Condensation on new double glazing??

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  • Condensation on new double glazing??
  • renton
    Member

    I had new double glazing fitted in april so this is the first winter its been fitted.

    I seem to be getting a lot more condensation on them thn the previous windows and we are not sure why??

    nothing else in the house has changed.

    any ideas

    cheers

    steve

    Premier Icon wwaswas
    Subscriber

    less air leaking around the frames and generally less air movement around the windows due to better insulation.

    Premier Icon Squirrel
    Subscriber

    Leave the trickle vents open. You have got trickle vents, haven't you…..?

    Premier Icon glenh
    Subscriber

    Have you noticed that the world is stupidly wet at the moment?
    It'll probably get better when things dry out.

    renton
    Member

    i did think it could be down to the amount of rain about at the moment!!

    no we havent got vents on them?

    monkeychild
    Member

    You need to air your house squire. Open your upstairs windows in the morning and leave them on the night latch until you return.

    Premier Icon bruneep
    Subscriber

    no we havent got vents on them?

    Oh dear

    I thought it was mandatory* to have them on new windows, check with installer and get them to fit some.

    Otherwise,open your windows more

    * could be wrong tho.

    Premier Icon Squirrel
    Subscriber

    To comply with Building Regs the windows should be FENSA approved. FENSA require trickle vents.

    Premier Icon wwaswas
    Subscriber

    I expect you're glad you asked now…

    DT78
    Member

    Um I'm not sure on that trickle vents are mandatory. We got DB about 5 weeks ago, and have a FENSA certificate. I'm pretty sure we were told vents were an optional (chargable) extra so we didn;t bother.

    Going home in an hour so will check if we have them or not.

    renton
    Member

    yep that is right , vents were extra so we didint have them.

    still got fensa certificate though

    Premier Icon psling
    Subscriber

    Trickle vents are not mandatory unless the windows being replaced were required to have them under the Building Regs when originally fitted [Background ventilation under the Building Regs does not even have to be in the window frames, it could be in the form of a wall vent for example].

    Warmer air has a greater capacity to hold water vapour. If there is a source of water vapour in a room and it is at or near saturation point then it will condense against the coolest surface first. If this is your window then that is where the condensation will manifest itself.

    On = ok
    In = unit change

    How do you dry your laundry? Amazed at the number of people who dry on radiators and then wonder where the damp is coming from. The water has to go somewhere – it doesn't just disappear.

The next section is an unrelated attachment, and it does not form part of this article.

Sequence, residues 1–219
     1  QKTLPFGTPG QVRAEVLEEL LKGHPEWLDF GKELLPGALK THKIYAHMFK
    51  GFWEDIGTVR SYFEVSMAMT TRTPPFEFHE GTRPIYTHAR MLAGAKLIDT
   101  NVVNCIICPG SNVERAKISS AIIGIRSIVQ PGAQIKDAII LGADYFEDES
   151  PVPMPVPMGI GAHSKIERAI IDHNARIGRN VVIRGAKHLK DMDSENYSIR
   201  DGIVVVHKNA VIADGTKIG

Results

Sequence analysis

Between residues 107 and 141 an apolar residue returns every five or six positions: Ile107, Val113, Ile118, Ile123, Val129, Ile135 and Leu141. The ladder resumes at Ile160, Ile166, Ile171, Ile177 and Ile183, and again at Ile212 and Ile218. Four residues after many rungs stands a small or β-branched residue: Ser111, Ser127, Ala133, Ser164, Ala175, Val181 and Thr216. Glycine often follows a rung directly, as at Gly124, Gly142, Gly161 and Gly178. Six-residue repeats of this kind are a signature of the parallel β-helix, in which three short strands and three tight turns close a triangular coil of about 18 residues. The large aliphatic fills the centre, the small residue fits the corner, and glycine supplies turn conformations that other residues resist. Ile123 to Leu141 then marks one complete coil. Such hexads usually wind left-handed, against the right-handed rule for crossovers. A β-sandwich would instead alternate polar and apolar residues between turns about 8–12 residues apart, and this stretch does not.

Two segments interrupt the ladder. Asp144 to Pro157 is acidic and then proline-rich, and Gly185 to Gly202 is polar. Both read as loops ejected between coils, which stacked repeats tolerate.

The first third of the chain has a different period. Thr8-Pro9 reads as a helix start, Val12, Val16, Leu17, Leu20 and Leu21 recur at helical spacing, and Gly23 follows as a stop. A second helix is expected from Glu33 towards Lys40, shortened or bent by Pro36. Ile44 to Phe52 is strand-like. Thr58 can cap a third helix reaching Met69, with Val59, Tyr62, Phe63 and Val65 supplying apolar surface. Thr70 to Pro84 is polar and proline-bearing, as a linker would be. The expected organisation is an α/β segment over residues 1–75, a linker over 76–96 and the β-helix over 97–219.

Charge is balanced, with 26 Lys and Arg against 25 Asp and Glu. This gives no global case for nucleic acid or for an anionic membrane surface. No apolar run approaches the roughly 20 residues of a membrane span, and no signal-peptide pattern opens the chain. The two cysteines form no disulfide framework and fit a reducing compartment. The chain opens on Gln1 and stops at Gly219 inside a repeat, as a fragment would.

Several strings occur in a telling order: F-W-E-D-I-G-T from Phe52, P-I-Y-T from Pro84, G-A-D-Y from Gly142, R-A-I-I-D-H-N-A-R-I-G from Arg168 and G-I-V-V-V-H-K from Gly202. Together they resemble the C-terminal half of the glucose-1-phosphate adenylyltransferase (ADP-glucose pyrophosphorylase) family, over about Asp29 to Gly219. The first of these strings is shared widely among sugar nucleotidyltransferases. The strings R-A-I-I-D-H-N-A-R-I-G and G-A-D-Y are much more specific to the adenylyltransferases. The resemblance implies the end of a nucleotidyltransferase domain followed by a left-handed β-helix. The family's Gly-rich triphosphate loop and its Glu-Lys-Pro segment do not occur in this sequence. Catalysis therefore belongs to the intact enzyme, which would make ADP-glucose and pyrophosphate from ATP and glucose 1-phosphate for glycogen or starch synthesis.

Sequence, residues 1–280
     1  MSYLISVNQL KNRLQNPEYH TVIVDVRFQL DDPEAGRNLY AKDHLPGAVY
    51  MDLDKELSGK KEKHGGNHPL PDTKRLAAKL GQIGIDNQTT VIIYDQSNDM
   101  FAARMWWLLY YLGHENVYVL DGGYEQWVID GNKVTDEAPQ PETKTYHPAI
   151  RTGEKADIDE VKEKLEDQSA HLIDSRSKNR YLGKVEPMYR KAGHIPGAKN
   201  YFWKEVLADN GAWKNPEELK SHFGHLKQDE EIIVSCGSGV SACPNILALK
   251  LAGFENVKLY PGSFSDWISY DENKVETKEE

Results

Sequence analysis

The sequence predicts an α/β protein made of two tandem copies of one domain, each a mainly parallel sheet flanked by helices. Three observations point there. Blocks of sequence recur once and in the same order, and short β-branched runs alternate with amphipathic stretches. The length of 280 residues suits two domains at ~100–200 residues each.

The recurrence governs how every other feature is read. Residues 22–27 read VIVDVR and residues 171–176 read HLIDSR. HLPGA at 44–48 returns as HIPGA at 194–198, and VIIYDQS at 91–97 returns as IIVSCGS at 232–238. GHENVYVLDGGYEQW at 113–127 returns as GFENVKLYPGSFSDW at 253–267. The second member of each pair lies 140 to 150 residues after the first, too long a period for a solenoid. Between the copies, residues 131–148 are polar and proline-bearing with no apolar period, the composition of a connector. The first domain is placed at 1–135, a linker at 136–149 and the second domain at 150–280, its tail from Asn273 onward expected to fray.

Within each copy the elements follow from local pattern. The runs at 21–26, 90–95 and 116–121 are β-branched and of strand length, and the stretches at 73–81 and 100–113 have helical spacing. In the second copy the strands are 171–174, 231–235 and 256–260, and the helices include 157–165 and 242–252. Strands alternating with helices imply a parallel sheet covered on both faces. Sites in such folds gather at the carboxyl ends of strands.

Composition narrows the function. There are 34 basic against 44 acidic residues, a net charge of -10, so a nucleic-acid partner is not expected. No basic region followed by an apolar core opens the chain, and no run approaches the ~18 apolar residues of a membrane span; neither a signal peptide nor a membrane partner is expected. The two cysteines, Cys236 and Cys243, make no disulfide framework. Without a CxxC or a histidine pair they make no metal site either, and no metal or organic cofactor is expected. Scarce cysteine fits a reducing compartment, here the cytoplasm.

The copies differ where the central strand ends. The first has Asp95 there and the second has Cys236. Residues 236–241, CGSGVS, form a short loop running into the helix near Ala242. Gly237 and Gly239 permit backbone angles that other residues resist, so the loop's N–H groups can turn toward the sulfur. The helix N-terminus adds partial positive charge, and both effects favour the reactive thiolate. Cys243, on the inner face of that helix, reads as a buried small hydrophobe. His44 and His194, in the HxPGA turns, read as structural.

Cheers

    project
    Member

    Most DG has the date of manufacture on the frame or glass bead the middle bit thats silver.

    Buy a dehumidifier i did and they still steam up,put on your extractor fan ,turn up the heating etc.

    waynekerr
    Member

    Is it in your bedroom? if so sleep with the bedroom door open slightly & cut down on the shagging.

    monkey_boy
    Member

    we have the same in our house, mainly in the bedroom. dont have trickle vents.

    leave the window slighly open, on ours you can leave a small crack but the latch is still latched (if that makes sense :wink:)

    Zedsdead
    Member

    We have this too. It's due to you breathing and any washing drying in the house and the rainy weather etc etc etc.

    Double glazing seals the house better to while it's warmer and not draughty the moisture is all caught inside. My wife doesn;t like the wondows open when sleeping and there are 5 of us here so a lot of breathing and washing etc.

    We got a dehumidifier. What a difference! And you'll be surprised at the amount of water it takes out of the house!

    Premier Icon matt_outandabout
    Subscriber

    To comply with Building Regs the windows should be FENSA approved. FENSA require trickle vents.

    Incorrect. FENSA is ONE way of proving compliance, not the only way.

    Damp in houses? Damp, from breathing? or washing? or showering? Who'd 'a thunk it?

    I tell you what, let's pay a fortune for energy efficient glazing and frames and then open all the windows to reduce the condensation, or worse still be forced to punch holes in them (fancy name of 'trickle vents' applied to sell it to the mugs out there).

    And that condensation? Main cause of asthma and excema in the UK…as well as all sorts of other conditions.

    Until we build properly insulated, airtight and then ventilated houses, this will be a problem.

    (We cope with it by wiping it off the walls and windows each day and then drying towel outside. Yes, we live in usual crappy UK new-build….)

    http://www.natural-building.co.uk/PDF/Case%20Studies/Breathability_in_buildings.pdf

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